I'm trying to be a writer, you know, and write things. I'm working on a couple of different projects now, and seeing how much I can get done between naps (Tristan's, not mine. no sleep for me ever again) and with a baby over my shoulder. Oh, and with a rock band practicing in my basement and preschoolers finding high surfaces to stage-dive from, usually directly into each other.

My mom is here for a couple of months, and she's cooking and cleaning and such, all the time. I'm not sure how or what we'd be eating or wearing if she wasn't here, may she live forever.

So, Tristan is kind of laughing these days, and Brynn is taking ballet, and everyone went sledding in the Traylor's back yard, and we made cookies and such. But the king in the baby swing demands homage, and homage he shall receive.

Monday, January 24, 2011

The quickest way to cure a kid is to take them to the doctor. 9 times out of 10, they will be miraculously healed between the waiting room and the exam room. "And you say 'Suzy' was unconscious, just moments ago?" the doctor asks, while writing sarcastic remarks in Suzy's chart.

I've seen them start breathing, stop bleeding and vomiting, rashes disappearing while their temperatures drop. The pediatrician smiles reassuringly at me, ME who has sat by the bedside of more than one brain surgery and countless seizures. "Might have been a virus," they say. Listen, it's not like I want them to be sick. I just want them to be unsick at my house. Oh, and if I don't take them in? They get really, really sick.

Most recently, we started taking R2 to a psychologist developmental/behavioral specialist, because of all these self-injury episodes. We sat in his office for almost 2 hours, waiting for R2 to pinch his arms or hit himself in the spine, like he was doing hundreds of times a day at home, and had been for weeks. Nothing. He calmly looked through books and moseyed through the toys. We got sent home with a stack of handouts and no real advice.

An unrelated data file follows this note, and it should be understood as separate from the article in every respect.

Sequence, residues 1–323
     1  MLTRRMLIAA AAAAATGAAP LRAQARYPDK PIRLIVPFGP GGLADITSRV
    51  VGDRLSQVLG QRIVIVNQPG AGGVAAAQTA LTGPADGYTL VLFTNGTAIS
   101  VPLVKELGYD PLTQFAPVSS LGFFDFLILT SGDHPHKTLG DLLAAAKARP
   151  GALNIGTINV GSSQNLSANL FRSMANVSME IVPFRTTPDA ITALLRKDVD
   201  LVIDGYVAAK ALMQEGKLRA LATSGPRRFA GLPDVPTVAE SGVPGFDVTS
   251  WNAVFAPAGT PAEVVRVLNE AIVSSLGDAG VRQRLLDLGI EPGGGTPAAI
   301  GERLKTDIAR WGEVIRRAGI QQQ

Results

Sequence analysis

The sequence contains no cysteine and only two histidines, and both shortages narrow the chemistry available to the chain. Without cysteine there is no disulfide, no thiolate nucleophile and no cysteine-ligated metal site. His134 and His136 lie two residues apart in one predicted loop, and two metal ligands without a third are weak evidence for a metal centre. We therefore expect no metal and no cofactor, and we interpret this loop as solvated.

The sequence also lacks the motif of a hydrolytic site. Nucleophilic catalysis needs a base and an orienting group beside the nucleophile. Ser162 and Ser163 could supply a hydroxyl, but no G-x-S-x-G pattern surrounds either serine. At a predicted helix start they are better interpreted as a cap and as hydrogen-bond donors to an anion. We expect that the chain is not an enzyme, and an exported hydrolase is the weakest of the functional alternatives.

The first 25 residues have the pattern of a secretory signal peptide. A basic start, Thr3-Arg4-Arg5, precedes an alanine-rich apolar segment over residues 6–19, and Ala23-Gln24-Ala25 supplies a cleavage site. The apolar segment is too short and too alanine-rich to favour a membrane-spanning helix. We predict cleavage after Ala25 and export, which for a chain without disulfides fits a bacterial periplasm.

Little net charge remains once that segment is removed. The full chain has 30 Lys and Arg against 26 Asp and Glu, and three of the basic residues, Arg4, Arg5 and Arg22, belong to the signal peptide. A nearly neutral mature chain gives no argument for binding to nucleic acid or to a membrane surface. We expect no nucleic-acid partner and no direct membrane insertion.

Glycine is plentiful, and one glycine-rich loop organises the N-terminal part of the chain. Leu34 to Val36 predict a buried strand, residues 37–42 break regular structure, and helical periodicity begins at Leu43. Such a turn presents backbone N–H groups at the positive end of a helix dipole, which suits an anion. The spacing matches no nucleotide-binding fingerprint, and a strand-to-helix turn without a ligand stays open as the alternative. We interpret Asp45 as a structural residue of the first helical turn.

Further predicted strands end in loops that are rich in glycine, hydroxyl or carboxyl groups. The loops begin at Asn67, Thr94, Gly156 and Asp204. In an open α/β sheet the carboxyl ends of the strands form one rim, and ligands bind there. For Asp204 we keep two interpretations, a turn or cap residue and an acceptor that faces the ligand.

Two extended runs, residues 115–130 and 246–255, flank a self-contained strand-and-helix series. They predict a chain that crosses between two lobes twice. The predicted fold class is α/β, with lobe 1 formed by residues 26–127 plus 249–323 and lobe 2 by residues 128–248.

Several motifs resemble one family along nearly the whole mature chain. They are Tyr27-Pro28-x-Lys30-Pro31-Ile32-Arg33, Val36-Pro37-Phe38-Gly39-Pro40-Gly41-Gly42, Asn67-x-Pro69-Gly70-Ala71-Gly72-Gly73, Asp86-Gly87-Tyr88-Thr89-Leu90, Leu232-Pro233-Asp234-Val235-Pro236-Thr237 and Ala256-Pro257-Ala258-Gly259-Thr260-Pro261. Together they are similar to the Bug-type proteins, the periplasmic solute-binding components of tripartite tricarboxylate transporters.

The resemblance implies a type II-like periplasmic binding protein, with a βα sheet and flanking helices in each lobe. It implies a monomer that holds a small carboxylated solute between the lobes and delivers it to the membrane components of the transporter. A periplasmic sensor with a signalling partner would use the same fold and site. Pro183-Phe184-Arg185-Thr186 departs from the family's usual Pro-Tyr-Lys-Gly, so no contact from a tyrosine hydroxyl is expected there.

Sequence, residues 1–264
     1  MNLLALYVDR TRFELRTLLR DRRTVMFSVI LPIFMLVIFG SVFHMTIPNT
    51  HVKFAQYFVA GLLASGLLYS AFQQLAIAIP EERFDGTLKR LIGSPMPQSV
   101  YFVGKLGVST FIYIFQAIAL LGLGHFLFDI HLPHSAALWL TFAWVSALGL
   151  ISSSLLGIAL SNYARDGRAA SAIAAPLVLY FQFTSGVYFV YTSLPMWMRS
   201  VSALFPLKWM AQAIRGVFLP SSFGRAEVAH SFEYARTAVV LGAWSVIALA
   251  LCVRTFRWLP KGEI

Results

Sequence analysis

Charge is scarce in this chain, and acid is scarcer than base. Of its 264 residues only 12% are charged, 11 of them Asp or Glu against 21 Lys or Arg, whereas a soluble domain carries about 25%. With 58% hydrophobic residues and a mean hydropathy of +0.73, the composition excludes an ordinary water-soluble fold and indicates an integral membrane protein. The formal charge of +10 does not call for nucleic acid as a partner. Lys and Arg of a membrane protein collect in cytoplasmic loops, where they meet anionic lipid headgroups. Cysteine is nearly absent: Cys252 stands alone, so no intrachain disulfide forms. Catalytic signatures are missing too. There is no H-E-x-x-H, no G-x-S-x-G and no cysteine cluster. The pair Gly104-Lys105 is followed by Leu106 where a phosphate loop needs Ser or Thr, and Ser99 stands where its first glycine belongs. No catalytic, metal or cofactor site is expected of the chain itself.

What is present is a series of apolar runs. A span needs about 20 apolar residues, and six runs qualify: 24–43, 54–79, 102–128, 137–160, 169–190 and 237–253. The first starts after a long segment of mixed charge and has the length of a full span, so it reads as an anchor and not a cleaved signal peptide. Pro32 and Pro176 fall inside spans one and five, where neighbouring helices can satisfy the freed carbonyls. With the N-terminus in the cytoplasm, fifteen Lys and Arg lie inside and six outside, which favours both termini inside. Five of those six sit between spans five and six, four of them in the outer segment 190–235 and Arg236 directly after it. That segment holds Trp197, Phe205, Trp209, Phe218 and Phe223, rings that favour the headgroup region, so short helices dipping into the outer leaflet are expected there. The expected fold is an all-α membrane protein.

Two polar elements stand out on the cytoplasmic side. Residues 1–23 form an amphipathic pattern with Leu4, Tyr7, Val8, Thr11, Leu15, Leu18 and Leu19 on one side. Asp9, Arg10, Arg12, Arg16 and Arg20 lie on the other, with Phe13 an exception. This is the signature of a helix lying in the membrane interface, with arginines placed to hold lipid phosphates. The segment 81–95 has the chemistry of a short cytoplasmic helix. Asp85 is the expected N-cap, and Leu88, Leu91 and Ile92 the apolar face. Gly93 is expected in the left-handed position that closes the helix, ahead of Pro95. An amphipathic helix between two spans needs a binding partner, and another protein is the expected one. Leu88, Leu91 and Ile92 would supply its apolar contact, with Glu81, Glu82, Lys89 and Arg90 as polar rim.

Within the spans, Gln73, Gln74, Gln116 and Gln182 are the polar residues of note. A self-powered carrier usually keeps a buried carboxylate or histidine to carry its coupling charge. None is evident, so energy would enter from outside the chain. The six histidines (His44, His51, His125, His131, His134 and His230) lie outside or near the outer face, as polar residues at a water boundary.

From about a week after that visit, he's just stopped. No more injurious behaviors. All we did was REPORT him. We had our follow-up visit today, and basically decided he's cured.

So maybe I'll just start calling "the doctor", like some of you have called Elmo or Santa to assist with potty-training or whatever. "Doctor!" I'll say. "Toby is puking his guts out! Mmm-hmm. Hmm? Okay, okay, we'll do that." and then see if that fixes 'em.

Friday, January 21, 2011

hey bloggerati! the MOG's band (and mine too, even if I've been promoted to full-time motherhood) is offering 1000 free downloads of our new album. Get you one :)


Wednesday, January 19, 2011

This may come as a shock to you, but I am not terribly coordinated. In fact, I am what is commonly referred to as a klutz. 

When you're a kid, you don't figure out stuff like this right away. You run to get in line for kickball, and maybe you fall down 3 or 4 times before you get to the line. Once you make it into one of the last slots of a team, you watch kids run a few steps, solidly connect with the incoming ball, and send it reeling into the outfield. Then they have their glory run around the bases, everyone cheering. "I can do that," you think. 

As you stumble toward the plate, you trip over an untied shoe. Once that's remedied, you wait for the ball to roll in, and you extend your leg and foot with all your might, missing the ball entirely and launching your body into an awkward partial flip. You try to right yourself, and there's the ball, directly underfoot. Your teammates stare, amazed. Humiliated, you try to kick the ball anyway, and it rolls over to your direct left, where the teacher is standing, questioning her decision to come to work today.